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If you're not sure how much to feed your dog or puppy, this page has all the information you need to get it right.
Most new puppy and dog owners worry about how to choose the best dog, or puppy, food..... but it's also really important to think about how much food your pet needs.
I can't overstate the importance of feeding a premium, high quality dog food, because diet plays a hugely important role in your puppy's (or dog's) health. It can even affect how long he or she lives.
But did you know that the quality of the food you give your pet, directly affects HOW MUCH of it he needs to eat?
Generic or low-quality foods don't contain nearly as much nutrition per cup as the premium foods do, so your dog needs to eat more of them to get his nutritional needs met.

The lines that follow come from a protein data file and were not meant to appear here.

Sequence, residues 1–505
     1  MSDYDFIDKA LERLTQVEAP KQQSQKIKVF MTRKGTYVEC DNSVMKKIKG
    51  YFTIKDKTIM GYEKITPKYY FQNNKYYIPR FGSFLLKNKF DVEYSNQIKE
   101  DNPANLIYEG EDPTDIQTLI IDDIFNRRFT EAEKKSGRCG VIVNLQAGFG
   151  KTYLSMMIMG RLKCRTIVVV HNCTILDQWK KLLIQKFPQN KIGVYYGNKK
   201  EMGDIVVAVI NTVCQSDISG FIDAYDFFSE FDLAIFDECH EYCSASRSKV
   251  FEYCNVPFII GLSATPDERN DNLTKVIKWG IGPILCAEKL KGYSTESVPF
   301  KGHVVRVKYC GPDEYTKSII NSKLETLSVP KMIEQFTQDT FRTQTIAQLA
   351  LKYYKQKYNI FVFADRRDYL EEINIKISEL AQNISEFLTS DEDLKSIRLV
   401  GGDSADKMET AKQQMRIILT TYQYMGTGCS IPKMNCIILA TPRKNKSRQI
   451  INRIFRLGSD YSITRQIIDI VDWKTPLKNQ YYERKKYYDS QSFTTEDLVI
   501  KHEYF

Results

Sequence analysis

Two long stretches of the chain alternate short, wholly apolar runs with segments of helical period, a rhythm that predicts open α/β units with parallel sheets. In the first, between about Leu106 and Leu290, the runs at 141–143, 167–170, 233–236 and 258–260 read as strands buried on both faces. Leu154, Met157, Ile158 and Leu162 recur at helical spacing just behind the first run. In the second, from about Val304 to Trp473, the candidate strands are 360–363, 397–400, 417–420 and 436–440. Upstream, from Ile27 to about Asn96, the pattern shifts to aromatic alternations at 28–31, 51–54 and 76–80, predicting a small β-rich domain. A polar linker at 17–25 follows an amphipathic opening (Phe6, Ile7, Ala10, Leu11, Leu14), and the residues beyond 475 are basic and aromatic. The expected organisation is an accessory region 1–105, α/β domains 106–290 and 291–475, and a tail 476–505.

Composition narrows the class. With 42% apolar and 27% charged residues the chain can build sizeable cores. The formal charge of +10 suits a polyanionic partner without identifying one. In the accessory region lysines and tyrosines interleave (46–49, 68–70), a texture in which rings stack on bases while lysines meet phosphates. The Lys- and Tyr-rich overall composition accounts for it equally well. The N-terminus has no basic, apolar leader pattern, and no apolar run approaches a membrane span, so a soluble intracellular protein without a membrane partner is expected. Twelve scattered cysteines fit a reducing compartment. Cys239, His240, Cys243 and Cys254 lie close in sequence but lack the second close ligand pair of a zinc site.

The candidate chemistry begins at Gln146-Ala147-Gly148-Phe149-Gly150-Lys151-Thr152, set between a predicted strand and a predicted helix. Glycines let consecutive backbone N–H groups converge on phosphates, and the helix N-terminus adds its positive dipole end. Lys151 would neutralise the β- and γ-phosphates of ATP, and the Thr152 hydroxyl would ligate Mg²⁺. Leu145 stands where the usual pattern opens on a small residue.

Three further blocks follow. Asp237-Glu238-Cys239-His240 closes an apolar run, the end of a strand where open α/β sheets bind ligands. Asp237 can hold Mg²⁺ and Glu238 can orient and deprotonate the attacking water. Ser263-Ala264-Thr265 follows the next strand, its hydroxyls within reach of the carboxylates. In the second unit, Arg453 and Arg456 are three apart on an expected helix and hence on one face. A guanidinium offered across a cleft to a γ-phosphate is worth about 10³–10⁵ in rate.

Unfortunately this also means that there's going to be more waste (because poorly formulated foods contain a lot of fillers and 'junk' which your pet can't digest) and that's going to be coming out the other end of your dog in the form of more poop!
Because of the wide variety of nutritional value in dog foods, there's no one-size-fits-all answer that will tell you how much to feed your dog, but there are some simple, reliable formulas that you can use.
I've gone into these in more detail below.....
There's no 'one-size-fits-all' answer to the question of how much dogs eat.... it depends on a whole host of different things, the most important being:
The label on your dog food (or puppy food) bag will show 'Feeding Guidelines', and these are usually calculated according to the age/weight of your pet.
These guidelines are a good 'jumping off point', but all puppies and dogs are different and what works for one dog may not work for another.
The best way to make sure you know how much to feed your puppy or dog is to know how many calories he needs each day.
Luckily, this isn't as difficult as it sounds!
Nutritionists have devised a formula called the 'Resting Energy Requirements' (aka 'RER') to calculate how many calories dogs need on a daily basis.